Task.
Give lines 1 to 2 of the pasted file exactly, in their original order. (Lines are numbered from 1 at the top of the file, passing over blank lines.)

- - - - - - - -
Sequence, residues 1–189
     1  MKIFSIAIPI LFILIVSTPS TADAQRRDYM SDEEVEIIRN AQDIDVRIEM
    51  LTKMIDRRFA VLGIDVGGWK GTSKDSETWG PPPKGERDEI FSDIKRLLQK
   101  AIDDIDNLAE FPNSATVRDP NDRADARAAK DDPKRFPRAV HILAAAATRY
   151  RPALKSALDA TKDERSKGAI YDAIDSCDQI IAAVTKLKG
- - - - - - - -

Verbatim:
Sequence, residues 1–189
     1  MKIFSIAIPI LFILIVSTPS TADAQRRDYM SDEEVEIIRN AQDIDVRIEM